An unfortunate aspect of this hot dry weather is a loss of moisture from the big rains we had from September 14–16. As shown in the chart below for the Mill D North SNOTEL in Big Cottonwood Canyon, those big rains greatly increased the soil moisture content of the soils at both 2 and 8 inch depths.
|Data Source: NRCS|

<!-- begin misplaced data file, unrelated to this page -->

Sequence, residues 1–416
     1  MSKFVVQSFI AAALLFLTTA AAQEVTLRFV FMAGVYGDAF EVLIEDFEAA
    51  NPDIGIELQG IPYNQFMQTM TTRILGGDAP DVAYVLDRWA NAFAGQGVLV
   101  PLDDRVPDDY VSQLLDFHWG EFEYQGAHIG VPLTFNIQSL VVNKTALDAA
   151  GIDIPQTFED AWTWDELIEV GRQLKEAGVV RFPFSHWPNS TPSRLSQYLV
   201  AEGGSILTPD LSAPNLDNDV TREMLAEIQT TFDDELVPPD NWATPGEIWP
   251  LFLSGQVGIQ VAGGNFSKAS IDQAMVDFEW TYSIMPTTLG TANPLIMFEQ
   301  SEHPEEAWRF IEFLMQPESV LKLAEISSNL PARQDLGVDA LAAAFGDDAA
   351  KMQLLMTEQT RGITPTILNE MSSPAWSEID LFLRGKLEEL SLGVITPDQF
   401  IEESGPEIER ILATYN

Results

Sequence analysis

In the mountains, if that moisture is not replaced before the first snows, the soils will be the first place that the snowmelt goes in the spring (rather than to the rivers and streams). That might be a good thing if we end up having a huge snow year, but if our run of meager winters continues, it would exacerbate the crappy runoff situation even further. As we have discussed previously (see Wasatch Weather Weenies Survival Guide for El Nino), the current Super El Nino doesn't really load the dice one way or the other for us, so at this point, we have to have a wait-and-see approach to what happens between now and the first snows, as well as during the winter.